Some investors say that investing in commercial real estate is not for the faint of heart. The reason is that, while income and equity potential is much larger than those in residential properties, the risks are also greater.
“If you [choose to] take the plunge into investing in commercial properties, do so with longevity in sight,” says Tamara Wrigley (pictured), media personality and property investor, who has a portfolio of more than 40 properties. “Buying commercial properties is like giving birth to a child – you have to take care of and look after it for many, many years to come.”
Wrigley entered the property market at the age of 19 and focused on building and investing in residential properties. It wasn’t until 15 years ago when she started to “dab her toe” in commercial real estate.
“There are a lot more pros when it comes to commercial properties,” she says. “This includes stronger returns, which is a combination of capital gain and income, and stability of income because your tenants sign longer leases.”
Wrigley also says that investing in commercial real estate has greater tax benefits.
“We live in a highly taxed country, and as an investor I look for ventures that have great tax benefits. Commercial properties provide just that with generous benefits and substantial depreciation allowances.”
However, Wrigley admits investing in commercial real estate has some drawbacks.
“One of the disadvantages… is that it can take months and months – and in some economic climates, years – to sell or lease, unlike our residential friend that can be snapped up within days or weeks of being listed for sale,” she says.
It’s a team effort
Many first-time property investors may not have sufficient knowledge and experience to seamlessly navigate the commercial real estate landscape. Wrigley says this is where having a solid support crew becomes crucial.
“Knowledge is power in any industry and, unfortunately, there is very little information or resources for people interested in commercial real estate,” she says “This is where you need to have a good team of people behind you to guide you in the right direction.”
Wrigley lists the four people who play important roles in helping investors build a successful commercial property portfolio.
Solicitor: They not only recognise the numbers but, more importantly, help in understanding any leases or legal issues.
Accountant: They crunch the numbers and help with the appropriate purchasing entity and tax planning.
Financial advisor: They help set financial goals and keep investors focused on those goals.
Finance broker: They are essential in finding the best funding opportunity for each purchase. Wrigley advises to “never go directly to a banking institution as they limit your financial choices.”
Practical tips for commercial real estate investors
With the team set, Wrigley says these six pointers can help guide investors in securing their first commercial property.
Practice due diligence
As with any type of investment, Wrigley emphasises the importance of learning about the industry before dashing in head-on.
“I said it before, knowledge is power, and understanding the commercial property market is going to be the key to your success,” she says.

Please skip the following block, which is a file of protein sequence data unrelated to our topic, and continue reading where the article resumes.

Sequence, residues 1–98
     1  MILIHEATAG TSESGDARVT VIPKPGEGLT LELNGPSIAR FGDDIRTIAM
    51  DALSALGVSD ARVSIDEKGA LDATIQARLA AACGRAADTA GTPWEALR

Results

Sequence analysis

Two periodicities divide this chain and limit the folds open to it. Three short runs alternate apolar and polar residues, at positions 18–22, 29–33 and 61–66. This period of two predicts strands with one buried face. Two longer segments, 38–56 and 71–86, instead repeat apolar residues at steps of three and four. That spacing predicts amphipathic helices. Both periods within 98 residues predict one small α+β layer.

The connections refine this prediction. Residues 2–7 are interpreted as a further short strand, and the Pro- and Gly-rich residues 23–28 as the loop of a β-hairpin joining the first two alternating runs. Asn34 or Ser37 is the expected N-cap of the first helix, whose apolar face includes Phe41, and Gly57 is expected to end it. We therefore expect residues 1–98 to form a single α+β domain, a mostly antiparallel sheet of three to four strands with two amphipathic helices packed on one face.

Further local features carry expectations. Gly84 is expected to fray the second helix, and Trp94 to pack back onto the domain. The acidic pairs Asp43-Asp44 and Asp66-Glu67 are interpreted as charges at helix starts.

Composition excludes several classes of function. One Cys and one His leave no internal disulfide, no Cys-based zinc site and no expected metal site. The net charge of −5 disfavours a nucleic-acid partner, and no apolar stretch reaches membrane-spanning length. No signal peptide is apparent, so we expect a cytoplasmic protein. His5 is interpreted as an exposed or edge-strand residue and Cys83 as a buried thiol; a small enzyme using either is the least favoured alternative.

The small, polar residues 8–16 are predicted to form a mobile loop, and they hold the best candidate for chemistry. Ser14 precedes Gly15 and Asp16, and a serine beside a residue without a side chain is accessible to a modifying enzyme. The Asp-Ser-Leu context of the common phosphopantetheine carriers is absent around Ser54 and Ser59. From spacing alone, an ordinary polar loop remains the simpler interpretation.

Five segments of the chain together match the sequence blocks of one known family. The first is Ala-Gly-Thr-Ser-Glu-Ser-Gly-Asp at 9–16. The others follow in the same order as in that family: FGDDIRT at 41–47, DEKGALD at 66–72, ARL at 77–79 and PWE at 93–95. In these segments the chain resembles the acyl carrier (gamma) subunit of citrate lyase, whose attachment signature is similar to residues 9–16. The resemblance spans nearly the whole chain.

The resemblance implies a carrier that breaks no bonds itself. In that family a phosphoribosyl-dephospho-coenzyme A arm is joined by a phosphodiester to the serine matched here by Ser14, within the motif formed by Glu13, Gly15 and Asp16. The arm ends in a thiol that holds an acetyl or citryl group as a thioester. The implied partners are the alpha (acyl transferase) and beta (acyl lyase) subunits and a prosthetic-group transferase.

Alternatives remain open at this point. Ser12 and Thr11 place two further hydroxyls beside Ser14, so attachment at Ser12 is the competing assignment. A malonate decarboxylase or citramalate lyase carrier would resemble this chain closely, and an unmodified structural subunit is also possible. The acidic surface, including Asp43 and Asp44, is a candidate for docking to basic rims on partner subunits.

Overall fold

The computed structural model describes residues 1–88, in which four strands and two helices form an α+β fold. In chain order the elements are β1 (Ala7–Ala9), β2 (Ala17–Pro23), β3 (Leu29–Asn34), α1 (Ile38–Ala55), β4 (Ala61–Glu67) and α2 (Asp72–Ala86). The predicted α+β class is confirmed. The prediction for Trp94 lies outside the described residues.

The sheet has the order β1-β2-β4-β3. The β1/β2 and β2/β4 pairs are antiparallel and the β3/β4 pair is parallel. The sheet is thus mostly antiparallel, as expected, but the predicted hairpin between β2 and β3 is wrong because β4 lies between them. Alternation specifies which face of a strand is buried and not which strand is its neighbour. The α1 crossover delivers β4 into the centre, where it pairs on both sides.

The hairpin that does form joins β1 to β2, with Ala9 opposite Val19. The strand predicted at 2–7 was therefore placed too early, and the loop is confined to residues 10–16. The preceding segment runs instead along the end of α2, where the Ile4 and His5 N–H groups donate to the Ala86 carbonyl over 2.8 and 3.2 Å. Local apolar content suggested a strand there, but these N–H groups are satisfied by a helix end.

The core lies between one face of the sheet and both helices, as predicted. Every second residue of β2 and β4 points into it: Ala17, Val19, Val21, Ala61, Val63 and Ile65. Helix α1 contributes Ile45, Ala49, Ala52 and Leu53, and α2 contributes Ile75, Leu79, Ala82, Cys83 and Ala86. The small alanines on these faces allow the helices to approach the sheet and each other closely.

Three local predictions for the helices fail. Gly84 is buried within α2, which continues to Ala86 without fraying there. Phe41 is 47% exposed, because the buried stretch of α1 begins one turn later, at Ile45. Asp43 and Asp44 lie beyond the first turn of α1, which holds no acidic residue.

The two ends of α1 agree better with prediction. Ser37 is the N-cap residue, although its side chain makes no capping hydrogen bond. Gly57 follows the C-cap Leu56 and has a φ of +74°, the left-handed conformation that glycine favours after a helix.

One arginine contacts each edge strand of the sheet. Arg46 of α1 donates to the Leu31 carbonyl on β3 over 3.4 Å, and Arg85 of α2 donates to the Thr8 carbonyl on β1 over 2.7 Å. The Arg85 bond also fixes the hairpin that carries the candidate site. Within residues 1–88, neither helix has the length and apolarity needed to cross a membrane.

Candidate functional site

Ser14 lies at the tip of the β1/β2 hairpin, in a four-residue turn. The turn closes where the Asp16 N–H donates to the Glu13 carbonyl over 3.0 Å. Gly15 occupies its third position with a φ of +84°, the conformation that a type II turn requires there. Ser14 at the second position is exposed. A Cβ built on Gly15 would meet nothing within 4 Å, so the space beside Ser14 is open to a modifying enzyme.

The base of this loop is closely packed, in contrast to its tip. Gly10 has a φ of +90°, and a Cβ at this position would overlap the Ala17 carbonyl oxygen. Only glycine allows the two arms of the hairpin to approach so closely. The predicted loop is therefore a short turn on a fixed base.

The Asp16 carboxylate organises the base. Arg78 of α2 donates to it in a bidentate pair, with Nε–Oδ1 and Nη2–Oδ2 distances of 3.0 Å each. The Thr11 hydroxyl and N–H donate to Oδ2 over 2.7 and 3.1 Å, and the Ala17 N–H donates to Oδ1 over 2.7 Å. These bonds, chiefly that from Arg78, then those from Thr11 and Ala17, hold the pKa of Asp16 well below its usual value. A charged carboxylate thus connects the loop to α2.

Buy in a good location
Location can often spell the difference between yield and loss in property investments. Wrigley’s advice is to “look into high growth areas with good exposure and potential to add value.”
She lists parking availability and accessibility to public transport as among the biggest factors to consider when buying a commercial real estate.
Purchase a leased property
The coronavirus pandemic has resulted in a lot of volatility in the property sector. Wrigley says buying a leased property can help add some form of stability.
“In this current climate, there are a lot of businesses that have suffered the COVID-19 blues,” she says. “To mitigate your loss, look at purchasing a property where a tenant is already in place and is on a long-term lease agreement.”
Purchase with potential
A keen eye for potential is a must for every property investor and Wrigley suggests to always be on the lookout for “underdeveloped and undercapitalised properties.”
“Older buildings may not be using all the land, which means you could expand,” she says. “Also, check the zoning of the land as it may allow you to increase the opportunities of that space.”
Pay it off
“Paying down the debt against the building should be factored into your financial strategy,” Wrigley says. “The faster you pay it off, the more money goes in your pocket and the more equity you have in case you want to buy more in the future.”
Learning never stops
If one wants to be successful in the commercial property market, the learning must never stop.
Wrigley’s advice is to “keep educating yourself and keep asking loads of questions” because when done correctly, commercial property investments can be “extremely rewarding.”
“To me, property is king – and done right, you can retire and live off the rental returns for the rest of your life,” she says. “It’s a bit like that spray you put on your outdoor tiles – set and forget. That, to me, is commercial [property investment] – set it up and then you can forget about it (to a degree) and enjoy the rewards of living a positive cash flow life.”